Determination of intra-specific genetic
diversity in butterfly weed (Asclepias tuberosa L.) using ISSR-PCR
L., the butterfly weed, has become a desirable horticultural plant due
showy orange-red flowers, its ability to attract butterflies, and its
to grow in a variety of soils. Its
roots have also been used as a traditional medicine to treat a number
pulmonary ailments. Recent attention
has been put on this plant because butterflies, including the famous
butterfly, lay their eggs on the underside of the leaves, and the
on the leaves for food and protection. The co-evolution of the two
such that monarch butterflies incorporate the secondary metabolites
the butterfly weed into their own defense against predators. Asclepias
tuberosa has the same range as that of the monarch butterfly and is
in the greater part of the contiguous United States.
Unfortunately, native stands of the plant are disappearing in
York State such that the plant is now protected under New York State
law. The purpose of this population
project is to determine whether or not native stands of Asclepias
tuberosa in Westchester County, NY, are genetically
distinct from plants found elsewhere in the United States.
The study’s aim is to determine whether it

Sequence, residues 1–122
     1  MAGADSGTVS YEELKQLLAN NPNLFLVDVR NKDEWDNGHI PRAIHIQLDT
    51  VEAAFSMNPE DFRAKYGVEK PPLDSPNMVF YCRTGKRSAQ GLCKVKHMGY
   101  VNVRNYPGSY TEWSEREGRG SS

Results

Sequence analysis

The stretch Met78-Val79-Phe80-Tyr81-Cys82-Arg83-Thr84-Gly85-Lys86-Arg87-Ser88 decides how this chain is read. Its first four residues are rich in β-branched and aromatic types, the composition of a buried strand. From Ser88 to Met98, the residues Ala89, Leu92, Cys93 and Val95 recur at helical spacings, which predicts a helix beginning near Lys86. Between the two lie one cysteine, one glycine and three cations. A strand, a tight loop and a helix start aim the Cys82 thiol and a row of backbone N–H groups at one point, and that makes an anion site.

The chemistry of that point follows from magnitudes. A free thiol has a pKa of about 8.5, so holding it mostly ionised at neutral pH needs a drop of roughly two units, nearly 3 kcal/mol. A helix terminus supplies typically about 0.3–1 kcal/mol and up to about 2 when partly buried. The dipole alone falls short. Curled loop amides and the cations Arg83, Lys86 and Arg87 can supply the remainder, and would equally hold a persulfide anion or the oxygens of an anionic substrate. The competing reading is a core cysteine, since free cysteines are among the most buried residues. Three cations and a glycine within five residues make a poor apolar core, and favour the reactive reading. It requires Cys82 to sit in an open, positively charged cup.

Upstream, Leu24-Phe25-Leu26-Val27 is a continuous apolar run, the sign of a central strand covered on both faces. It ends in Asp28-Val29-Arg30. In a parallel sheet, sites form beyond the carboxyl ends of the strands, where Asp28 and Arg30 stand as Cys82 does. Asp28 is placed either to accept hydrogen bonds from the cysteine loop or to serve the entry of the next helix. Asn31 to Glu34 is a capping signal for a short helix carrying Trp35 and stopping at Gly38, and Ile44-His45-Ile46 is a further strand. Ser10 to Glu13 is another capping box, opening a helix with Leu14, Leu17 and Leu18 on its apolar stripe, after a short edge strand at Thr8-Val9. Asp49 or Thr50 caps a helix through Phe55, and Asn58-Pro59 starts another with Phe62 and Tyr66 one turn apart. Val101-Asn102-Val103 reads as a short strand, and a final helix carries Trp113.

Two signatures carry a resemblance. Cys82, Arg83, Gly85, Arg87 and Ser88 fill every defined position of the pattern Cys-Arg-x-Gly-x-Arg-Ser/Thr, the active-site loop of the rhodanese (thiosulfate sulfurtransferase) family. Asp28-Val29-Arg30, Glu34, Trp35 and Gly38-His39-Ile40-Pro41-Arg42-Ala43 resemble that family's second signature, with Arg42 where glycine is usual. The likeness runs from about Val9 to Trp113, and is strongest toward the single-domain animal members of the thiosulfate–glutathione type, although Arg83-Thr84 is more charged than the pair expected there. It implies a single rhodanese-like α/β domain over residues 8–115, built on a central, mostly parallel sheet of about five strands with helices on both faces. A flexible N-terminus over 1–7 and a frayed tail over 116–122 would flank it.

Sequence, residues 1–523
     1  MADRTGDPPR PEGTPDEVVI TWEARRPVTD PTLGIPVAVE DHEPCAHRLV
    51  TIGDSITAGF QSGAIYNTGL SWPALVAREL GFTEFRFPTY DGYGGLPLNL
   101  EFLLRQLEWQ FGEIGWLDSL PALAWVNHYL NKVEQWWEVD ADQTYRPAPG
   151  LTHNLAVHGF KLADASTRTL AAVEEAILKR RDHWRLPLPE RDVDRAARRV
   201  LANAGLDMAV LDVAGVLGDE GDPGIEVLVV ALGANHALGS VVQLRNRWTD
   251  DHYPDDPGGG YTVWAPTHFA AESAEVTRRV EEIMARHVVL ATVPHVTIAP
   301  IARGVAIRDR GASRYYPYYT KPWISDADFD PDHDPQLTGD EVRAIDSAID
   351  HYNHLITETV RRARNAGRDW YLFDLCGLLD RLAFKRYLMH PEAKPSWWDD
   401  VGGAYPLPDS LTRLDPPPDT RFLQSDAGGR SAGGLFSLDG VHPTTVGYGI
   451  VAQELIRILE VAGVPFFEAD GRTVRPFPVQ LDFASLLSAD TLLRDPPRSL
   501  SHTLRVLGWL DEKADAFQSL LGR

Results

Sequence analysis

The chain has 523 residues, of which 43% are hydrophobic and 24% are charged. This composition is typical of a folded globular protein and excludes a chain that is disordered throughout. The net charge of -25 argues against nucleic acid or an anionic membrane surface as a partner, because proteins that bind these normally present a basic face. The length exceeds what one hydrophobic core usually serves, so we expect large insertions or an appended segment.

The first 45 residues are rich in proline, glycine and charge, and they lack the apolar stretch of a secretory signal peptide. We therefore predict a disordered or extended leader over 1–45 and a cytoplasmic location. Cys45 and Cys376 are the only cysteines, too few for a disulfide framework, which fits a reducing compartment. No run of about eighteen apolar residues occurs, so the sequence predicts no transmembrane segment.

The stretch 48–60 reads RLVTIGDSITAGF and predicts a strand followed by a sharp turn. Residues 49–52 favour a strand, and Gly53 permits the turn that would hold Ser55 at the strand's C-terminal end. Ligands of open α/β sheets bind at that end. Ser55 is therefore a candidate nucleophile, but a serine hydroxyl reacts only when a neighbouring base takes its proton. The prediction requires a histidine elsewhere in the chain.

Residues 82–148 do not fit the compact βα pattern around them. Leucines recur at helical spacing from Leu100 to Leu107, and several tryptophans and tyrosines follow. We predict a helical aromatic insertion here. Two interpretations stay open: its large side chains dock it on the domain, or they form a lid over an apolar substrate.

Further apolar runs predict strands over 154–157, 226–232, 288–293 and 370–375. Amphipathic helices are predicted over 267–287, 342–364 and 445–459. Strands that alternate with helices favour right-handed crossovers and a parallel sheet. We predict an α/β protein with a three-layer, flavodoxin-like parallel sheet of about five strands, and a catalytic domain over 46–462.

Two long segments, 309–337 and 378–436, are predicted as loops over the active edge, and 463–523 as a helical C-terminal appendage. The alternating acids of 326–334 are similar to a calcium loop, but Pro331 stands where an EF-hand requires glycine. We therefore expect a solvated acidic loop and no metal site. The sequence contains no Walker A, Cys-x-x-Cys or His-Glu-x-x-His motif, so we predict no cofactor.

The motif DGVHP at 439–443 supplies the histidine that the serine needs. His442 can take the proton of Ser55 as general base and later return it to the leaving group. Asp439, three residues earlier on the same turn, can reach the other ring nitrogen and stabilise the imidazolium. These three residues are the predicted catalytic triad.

is necessary to protect native stands, or allow for reintroduction of
weed using seeds from plants outside of New York State.
In order to determine genetic diversity
within this species, we have isolated or will isolate DNA from a number
samples from Westchester County and specific areas in the United
well as from plants obtained from seed catalogs. We
have begun analyzing the DNA by using inter-simple specific
repeat (ISSR) markers. This PCR-based
technique, like many techniques analyzing DNA, relies on polymorphisms
repeat sequences of the genomes of the organisms being studied. ISSR’s have been used to investigate
evolutionary relationships among different species within a genus. We are using this technique, however, to
relationships within a single species.
Thus far, polymorphisms have been detected among the various
within even a single population of plants.
We are in the process of analyzing 60 different DNA samples of
weed for ISSR polymorphisms. Early
results from the ISSR analysis will be presented and discussed. The research also includes taking a survey
of the population distribution, density, and flower color diversity at
Westchester County, focusing on a protected meadow.
Results of the population distribution of the butterfly weed in
the meadow show a large number of individuals that are able to thrive
protected area. There also seems to be
a great diversity in flower color, suggesting large genetic diversity. This suggests that one of the ways to
maintain a critical number and diversity of butterfly weed plants in
State is to maintain protected areas and sanctuaries.